BAGHDAD (Reuters) - Iraq’s prime minister called on Thursday for “patience” while the government implements economic reforms that include restructuring of many state-owned companies, saying the plan would deliver growth and development.
Haider al-Abadi, who took office in September after Islamic State militants seized control of large parts of north and west Iraq, is under pressure to improve economic and security conditions while navigating a polarized political landscape.
Iraq is struggling to attract foreign investment and diversify its revenue sources away from oil, the price of which plunged in the second half of last year.
“We call on citizens to be patient. Success and development are coming,” Abadi told an investment conference in Baghdad.
“If we stick to the reform plan, soon there will be economic breakthrough.”
Abadi said the government aimed to restructure some state-owned companies although he did not say which, when changes would happen, or whether it would entail privatization.
“We want these companies to be more efficient and contributive to the Iraqi economy,” he said, adding: “The government has no intention to get rid of the workers in these companies.”
Many state firms have barely functioned since the U.S.-led invasion to topple Saddam Hussein in 2003 and many related to the military have been shut down.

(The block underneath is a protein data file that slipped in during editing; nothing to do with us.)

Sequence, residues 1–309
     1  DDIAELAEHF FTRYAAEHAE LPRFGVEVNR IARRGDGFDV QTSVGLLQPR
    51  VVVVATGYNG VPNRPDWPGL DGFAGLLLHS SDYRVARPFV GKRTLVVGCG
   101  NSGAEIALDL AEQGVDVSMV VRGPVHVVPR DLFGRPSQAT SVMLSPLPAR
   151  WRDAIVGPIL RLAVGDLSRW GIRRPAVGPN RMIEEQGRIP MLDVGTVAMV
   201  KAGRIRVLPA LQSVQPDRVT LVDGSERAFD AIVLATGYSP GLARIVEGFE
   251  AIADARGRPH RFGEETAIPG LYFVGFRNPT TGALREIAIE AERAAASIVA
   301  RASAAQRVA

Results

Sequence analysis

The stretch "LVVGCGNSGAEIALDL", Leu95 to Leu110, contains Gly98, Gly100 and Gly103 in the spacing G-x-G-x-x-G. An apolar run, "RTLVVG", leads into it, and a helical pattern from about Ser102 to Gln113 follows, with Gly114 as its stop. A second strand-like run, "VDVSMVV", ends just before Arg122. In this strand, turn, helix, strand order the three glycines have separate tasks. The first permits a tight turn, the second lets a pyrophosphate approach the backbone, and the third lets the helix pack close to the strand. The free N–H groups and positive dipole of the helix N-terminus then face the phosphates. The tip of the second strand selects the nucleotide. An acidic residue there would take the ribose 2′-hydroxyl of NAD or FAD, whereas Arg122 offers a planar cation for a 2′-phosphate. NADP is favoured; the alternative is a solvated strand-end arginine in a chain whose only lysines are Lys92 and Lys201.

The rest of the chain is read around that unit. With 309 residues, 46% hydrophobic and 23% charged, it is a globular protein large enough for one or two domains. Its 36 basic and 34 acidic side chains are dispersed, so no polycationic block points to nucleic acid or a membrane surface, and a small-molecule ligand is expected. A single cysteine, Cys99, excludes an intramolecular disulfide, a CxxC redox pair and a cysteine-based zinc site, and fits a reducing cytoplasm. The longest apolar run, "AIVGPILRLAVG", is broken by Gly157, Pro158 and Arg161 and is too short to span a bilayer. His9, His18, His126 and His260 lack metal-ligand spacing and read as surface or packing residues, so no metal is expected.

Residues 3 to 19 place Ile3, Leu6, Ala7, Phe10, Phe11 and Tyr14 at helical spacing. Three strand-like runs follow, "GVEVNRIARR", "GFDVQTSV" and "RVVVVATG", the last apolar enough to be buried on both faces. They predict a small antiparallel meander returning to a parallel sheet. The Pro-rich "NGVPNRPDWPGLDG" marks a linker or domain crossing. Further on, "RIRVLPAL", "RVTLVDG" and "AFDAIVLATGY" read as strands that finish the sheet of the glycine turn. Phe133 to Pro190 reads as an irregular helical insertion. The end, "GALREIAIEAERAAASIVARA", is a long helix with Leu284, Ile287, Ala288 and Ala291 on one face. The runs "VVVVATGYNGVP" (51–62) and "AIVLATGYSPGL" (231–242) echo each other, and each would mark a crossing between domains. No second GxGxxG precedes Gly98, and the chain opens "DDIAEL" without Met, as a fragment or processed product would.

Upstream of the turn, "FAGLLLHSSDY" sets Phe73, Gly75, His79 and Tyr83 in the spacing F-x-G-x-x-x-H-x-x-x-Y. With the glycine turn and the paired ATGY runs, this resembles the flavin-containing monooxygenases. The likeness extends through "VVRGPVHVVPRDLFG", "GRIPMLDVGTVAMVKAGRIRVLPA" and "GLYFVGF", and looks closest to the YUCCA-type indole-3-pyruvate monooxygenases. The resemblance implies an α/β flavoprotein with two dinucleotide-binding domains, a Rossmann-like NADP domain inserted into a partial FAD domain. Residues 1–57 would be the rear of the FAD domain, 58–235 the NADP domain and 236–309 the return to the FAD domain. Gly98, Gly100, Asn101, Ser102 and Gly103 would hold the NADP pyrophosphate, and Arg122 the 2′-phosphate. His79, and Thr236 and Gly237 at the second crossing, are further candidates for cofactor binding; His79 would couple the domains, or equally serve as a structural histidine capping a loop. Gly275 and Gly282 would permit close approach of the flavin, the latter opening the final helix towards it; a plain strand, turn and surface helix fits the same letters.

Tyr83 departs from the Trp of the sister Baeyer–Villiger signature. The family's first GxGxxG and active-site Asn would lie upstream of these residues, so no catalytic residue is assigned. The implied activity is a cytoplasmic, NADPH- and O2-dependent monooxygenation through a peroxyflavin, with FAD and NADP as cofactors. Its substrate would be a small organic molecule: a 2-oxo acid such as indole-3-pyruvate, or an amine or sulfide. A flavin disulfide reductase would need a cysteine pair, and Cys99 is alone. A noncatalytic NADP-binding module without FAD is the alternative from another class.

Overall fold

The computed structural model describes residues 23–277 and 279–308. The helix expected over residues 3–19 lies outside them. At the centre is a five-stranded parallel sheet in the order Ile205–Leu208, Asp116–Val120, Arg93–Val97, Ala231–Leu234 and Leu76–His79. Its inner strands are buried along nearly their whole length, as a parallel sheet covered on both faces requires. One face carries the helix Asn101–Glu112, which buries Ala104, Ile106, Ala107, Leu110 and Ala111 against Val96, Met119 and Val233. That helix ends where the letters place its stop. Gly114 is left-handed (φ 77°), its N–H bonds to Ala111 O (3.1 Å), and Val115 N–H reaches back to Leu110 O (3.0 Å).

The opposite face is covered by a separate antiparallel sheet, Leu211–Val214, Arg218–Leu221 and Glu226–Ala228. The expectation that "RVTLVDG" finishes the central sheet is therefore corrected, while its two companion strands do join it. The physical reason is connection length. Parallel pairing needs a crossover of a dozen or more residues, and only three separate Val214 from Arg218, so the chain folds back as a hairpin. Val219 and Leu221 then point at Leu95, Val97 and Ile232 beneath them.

Iraq’s economy, which gets about 90 percent of its revenues from oil, was battered last year by plummeting global oil prices and the land grab by Islamic State which prompted big spending on the military and displaced populations.
Defence alone is expected to take up 20 percent of 2015 spending in a budget passed by parliament last month which includes a deficit of 25 trillion dinars ($22 billion) to be financed through borrowing.
The government also has to ensure more than 5 million state employees are paid.
Finance Minister Hoshiyar Zebari has said Iraq plans to use its Special Drawing Rights to raise financing from the International Monetary Fund.
A senior IMF official told Reuters the financial institution was open to providing additional funding to the war-torn nation.
“They certainly could (ask for more money). So far they haven’t ... We had a program before with Iraq. It’s their call,” the official said.
When extending emergency loan programs to countries, the IMF has often pressed them to introduce economic reforms such as restructuring state finances.
Reporting by Stephen Kalin and Saif Hameed in Baghdad and Anna Yukhananov in Washington; Editing by Catherine Evans